Build a Slack Dashboard (Part 3): Transforming Data and Creating Cross Channel Visualizations
In part 2, we learned how to:
- sync data from Slack to Postgres using Meltano
- create initial charts from the raw synced data
- start sculpting our Slack dashboard visually
In this post, we'll cover how to create some of the more advanced visualizations that require data transformation.
First, let's visualize the popularity (using messages posted as a proxy) of different Slack channels and how that's evolved over time. An Area Chart is an excellent choice for this purpose, but is our underlying data in the right shape?
Using SQL Lab, we can quickly uncover that the 2 tables of interest for this visualization are messages and channels.
messages table only maintains a foreign key reference to
channel_id but not the channel name (which lives in
channels), we need to join both tables to obtain the channel that each message was posted in.
Run the following query to do just that:
SELECT m.ts, c.name, m.text FROM tap_slack.messages m INNER JOIN tap_slack.channels c ON m.channel_id = c.id
Once you've inspected the results, save it as a View by giving a name and clicking CVAS (short for Create View AS) so this data transformation is applied to all new data we sync (thereby also keeping our charts and dashboards automatically upto date).
If the View was successfully saved, you should see the ability to activate the Explore panel using this View as the data source.
We recommend making the following selections in the Explore panel, but feel free to be creative and experiment as well!
Once you're satisfied with your chart, save it to the same dashboard from part 2 we've been sculpting.
One way to customize this visualization further is to smooth out the spikes in the data by using a rolling window. Here's what a 7 day rolling mean looks like for the same data.
Let's visualize the members per channel to help us identify the most popular channels in the community. We'll use a Treemap chart, which both visually ranks the most popular channels and also helps us understand each channel's proportional share of popularity.
Every time a user in Slack joins a channel, the pairing of
channel_id is stored in the join table titled
channel_members. To visualize the channel names and not just the
channel_id values, we'll need to join this table with
Run the following query and use the CVAS button to save it as a view (e.g.
SELECT c.name as "Channel Name", cm.user_id as "user_id" FROM tap_slack.channel_members cm JOIN tap_slack.channels c ON cm.channel_id = c.id
From the results of this query, click Explore and fill out the viz panel with the following values.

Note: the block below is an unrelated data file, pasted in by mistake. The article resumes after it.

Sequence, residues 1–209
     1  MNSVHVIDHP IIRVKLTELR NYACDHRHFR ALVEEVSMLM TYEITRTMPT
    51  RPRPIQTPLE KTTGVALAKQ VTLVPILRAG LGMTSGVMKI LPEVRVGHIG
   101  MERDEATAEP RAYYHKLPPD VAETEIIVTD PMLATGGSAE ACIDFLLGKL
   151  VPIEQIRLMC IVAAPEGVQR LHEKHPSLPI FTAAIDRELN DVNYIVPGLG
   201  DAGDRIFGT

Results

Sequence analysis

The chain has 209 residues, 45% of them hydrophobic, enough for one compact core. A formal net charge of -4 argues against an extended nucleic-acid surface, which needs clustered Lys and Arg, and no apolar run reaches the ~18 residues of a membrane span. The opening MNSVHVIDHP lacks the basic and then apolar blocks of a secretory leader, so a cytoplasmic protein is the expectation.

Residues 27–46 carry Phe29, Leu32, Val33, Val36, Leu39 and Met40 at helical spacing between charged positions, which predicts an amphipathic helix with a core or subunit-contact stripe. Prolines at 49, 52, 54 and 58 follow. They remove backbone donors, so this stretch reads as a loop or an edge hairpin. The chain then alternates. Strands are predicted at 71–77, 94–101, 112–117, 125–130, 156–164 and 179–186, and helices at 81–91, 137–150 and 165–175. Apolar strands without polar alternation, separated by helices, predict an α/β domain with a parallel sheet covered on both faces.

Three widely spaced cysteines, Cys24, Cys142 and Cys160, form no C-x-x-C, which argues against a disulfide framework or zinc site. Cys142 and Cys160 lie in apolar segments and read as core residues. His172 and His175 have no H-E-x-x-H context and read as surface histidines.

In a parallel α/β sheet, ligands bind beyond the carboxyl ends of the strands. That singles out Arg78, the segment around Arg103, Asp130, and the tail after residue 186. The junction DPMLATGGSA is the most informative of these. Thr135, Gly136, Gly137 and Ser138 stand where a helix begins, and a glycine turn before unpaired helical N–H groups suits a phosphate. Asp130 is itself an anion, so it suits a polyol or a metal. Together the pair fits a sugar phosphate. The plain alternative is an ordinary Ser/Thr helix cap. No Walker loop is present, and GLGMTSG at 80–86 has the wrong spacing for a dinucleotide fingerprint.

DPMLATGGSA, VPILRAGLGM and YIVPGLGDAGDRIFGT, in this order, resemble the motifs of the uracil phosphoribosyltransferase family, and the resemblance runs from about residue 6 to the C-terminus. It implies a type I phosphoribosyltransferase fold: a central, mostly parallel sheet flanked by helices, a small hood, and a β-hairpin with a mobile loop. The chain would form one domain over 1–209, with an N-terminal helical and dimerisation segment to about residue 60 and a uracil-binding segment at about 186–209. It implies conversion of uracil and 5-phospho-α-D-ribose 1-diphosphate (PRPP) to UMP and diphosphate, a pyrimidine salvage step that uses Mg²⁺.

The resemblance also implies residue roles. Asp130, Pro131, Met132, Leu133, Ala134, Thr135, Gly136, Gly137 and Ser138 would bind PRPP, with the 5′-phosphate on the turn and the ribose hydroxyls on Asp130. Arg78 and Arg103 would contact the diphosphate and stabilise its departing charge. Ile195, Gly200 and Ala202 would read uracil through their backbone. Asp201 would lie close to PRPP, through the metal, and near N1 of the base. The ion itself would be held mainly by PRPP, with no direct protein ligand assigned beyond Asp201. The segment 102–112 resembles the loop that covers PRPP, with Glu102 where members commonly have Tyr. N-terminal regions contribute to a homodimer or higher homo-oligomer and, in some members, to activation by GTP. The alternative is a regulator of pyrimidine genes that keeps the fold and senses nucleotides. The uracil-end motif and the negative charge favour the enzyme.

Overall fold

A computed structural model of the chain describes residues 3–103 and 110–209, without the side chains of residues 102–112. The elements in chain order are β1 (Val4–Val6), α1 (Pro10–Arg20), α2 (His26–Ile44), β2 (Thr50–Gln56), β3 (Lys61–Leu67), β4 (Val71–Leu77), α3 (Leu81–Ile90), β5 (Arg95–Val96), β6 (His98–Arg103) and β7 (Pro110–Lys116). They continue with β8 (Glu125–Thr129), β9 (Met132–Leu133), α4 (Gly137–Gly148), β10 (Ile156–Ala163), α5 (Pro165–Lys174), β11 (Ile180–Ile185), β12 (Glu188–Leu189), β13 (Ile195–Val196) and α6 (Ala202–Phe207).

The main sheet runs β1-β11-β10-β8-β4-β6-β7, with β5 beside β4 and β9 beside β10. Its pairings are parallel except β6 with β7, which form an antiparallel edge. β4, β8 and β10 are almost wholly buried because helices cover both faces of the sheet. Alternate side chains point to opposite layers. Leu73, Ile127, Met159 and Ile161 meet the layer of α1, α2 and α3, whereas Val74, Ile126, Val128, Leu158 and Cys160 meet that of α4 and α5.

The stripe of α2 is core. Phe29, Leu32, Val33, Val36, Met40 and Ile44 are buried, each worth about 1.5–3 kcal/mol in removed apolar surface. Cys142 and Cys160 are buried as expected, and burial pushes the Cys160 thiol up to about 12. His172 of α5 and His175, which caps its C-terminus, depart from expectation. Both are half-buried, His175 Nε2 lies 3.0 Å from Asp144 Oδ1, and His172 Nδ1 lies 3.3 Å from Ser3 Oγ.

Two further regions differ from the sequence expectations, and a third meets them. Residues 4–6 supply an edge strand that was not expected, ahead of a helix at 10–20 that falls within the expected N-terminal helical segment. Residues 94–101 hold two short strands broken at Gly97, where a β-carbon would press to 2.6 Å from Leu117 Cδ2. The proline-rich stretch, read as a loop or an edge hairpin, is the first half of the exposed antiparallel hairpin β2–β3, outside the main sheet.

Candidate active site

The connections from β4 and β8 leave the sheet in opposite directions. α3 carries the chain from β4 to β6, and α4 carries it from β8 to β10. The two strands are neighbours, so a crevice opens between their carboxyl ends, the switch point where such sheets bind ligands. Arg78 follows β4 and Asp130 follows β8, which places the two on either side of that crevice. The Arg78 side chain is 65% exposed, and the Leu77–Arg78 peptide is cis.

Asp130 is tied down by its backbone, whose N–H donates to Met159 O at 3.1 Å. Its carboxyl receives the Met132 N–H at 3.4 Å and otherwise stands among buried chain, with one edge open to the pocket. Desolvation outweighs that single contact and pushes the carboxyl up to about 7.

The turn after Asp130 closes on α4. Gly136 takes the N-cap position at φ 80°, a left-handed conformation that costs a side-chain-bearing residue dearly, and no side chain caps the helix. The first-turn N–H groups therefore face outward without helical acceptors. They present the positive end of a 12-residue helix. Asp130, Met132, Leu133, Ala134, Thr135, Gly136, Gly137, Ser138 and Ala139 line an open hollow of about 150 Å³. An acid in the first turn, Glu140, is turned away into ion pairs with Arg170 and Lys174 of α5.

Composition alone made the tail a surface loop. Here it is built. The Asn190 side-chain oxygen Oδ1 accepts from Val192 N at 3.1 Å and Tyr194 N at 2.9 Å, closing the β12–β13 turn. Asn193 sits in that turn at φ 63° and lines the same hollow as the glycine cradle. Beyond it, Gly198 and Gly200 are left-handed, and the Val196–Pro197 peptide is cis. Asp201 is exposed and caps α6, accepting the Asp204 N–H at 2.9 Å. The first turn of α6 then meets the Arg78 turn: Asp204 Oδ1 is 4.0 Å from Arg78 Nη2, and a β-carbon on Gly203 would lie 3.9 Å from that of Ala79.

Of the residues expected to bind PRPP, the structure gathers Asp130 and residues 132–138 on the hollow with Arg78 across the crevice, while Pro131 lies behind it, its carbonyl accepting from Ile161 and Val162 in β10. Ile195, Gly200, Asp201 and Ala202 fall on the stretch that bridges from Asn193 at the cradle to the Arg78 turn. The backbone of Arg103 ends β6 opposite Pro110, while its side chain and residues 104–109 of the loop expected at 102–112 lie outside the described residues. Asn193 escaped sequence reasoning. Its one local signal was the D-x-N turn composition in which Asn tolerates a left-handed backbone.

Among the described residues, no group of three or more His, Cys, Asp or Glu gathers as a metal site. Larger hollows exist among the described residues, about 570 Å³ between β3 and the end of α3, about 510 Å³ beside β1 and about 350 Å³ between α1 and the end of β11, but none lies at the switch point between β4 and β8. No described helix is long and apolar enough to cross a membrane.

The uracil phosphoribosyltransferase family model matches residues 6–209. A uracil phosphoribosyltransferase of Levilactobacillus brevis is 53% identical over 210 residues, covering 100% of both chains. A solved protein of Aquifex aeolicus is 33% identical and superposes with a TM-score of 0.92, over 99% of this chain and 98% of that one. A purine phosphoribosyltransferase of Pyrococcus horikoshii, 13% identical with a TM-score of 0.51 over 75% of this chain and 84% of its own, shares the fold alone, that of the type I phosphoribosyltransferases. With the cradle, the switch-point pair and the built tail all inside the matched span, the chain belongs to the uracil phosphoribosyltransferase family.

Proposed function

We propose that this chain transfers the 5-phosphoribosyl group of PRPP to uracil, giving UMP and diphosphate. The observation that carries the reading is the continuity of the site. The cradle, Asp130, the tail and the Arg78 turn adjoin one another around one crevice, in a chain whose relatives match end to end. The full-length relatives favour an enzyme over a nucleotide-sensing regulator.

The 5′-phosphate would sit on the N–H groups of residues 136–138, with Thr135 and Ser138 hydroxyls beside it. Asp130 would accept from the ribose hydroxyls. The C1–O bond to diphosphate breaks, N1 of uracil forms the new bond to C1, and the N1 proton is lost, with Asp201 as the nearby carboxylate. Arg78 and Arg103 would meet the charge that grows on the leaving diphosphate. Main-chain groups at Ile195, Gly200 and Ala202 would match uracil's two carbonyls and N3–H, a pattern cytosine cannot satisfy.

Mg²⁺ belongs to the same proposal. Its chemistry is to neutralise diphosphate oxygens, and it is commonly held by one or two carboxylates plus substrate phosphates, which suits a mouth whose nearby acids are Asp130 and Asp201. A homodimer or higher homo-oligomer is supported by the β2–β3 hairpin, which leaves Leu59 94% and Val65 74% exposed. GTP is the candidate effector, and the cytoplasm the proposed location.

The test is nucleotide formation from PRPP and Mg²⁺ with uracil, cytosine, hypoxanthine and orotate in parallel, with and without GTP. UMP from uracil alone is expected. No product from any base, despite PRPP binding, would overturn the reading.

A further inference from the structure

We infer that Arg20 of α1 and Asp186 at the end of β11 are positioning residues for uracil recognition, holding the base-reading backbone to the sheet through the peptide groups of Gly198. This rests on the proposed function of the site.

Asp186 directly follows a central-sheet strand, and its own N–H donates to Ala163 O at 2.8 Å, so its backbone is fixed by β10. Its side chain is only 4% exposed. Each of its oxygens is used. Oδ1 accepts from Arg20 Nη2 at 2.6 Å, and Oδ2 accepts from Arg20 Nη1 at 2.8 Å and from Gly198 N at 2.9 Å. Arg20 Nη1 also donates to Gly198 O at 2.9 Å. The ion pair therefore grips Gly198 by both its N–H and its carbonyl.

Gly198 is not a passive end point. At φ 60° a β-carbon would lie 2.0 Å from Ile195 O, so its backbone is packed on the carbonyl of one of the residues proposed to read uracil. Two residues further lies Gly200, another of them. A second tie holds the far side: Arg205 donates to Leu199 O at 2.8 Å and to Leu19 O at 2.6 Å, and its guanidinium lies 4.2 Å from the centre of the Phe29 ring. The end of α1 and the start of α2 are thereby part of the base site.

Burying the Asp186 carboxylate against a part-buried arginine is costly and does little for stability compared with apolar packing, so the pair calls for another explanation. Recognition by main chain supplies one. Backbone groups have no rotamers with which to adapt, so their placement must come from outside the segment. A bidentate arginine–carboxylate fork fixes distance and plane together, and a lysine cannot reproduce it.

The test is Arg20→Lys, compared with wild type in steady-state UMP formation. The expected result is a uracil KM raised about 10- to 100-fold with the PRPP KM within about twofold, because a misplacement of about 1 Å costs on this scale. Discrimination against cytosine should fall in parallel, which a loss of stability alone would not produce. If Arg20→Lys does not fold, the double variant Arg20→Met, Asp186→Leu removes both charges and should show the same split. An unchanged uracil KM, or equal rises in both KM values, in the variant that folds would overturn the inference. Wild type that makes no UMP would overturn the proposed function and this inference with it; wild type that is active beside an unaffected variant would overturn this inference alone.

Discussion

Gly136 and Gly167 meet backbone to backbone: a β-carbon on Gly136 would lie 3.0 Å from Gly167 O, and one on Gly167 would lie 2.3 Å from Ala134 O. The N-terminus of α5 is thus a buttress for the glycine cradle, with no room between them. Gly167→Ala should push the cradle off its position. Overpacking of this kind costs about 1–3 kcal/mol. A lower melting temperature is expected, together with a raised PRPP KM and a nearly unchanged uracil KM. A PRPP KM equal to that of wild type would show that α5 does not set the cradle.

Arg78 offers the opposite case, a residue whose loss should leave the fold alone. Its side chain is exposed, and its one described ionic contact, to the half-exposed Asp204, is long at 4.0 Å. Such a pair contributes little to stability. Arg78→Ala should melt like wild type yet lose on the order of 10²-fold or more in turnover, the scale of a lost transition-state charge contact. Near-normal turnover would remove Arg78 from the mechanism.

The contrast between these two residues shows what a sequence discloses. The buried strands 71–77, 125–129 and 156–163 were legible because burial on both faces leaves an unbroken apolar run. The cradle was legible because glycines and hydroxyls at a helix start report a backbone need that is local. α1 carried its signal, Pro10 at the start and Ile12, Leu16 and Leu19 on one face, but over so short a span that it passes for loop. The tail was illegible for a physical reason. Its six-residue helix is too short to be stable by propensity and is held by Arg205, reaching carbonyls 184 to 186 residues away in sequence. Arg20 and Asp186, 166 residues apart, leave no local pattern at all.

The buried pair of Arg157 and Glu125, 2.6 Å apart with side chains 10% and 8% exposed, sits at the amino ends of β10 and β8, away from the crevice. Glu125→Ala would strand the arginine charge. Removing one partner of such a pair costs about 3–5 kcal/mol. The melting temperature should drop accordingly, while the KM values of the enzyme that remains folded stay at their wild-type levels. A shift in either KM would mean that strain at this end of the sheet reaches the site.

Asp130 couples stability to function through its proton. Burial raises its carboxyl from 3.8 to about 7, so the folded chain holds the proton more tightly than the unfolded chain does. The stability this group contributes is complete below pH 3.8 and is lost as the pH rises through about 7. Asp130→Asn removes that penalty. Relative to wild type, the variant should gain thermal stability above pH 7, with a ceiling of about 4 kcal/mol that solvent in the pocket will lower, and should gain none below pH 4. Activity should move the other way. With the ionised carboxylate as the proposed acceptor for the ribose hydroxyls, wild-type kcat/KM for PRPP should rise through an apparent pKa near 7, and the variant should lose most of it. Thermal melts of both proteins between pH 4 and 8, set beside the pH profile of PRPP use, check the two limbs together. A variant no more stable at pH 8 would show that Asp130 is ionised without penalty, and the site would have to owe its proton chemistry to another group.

Save the chart to your dashboard and resize, organize, and re-arrange your Slack dashboard as you see fit.
Slack communities rarely have even distributions in popularity across all of their channels. While visualizing the most popular channels helps us understand where the community's attention is focused, we can't immediately tell the related channels that the members in these popular channels also enjoy spending time in.
To understand the latter, we'll need to create some type of cross-channel, pairwise visualization. Chord diagrams and heatmaps are 2 examples of visualizations that help us understand pairwise channel interests.
A chord diagram feels like a spool of cloth, that visualizes links each pair of channels using strands of wool. For either visualization, we'll need to prep the data using a SQL view.
The following query calculates all combinations of channels a member is a part of, along with the counts.
SELECT uc1.name as "Channel 1", uc2.name as "Channel 2", count(*) FROM public.members_channels uc1 JOIN public.members_channels uc2 ON uc1.user_id = uc2.user_id GROUP BY uc1.name, uc2.name HAVING uc1.name <> uc2.name
Save this as a view, named
pairwise_members_channels. Then, launch an Explore session using this view as the data source.
Here's what your visualization should look like.
While chord diagrams are aesthetically pleasing and can help us obtain a quick overview of patterns, they struggle to help us drill deeper into the pairwise relationships. We can look to the Heatmap as an alternative that trades off geometric visualization and aesthetics for instead showcasing the underlying numerical values more effectively.
Because chord diagrams and heatmap visualizations expect the same underlying data representation, it's very quick to switch from one to the other in Superset.
Launch an Explore session using the same SQL view you created for the chord diagram.
Set the X column to "Channel 1" and the Y column to "Channel 2" (similar to Source and Target fields from the chord diagram) and choose a Linear Color Scheme you find compelling. We also recommend enabling the Show Values checkbox.
After some re-arranging and re-sizing, here's how the charts we created in this blog post look like on our dashboard.
Here are some ideas for next steps, to take your dashboard to the next level:
- Transform the text of the messages in a channel and create a word cloud chart to discover the most common topics being discussed
- Create charts that visualize the distribution of the number of replies for each message and how that varies across channels, time, topics, etc.
- Add a filter box element to your dashboard that lets you choose specific channels you want to visualize
- Add a new Tab to your dashboard and add charts that help you discover champions in your community (e.g. users that are posting a lot of messages or answering many questions)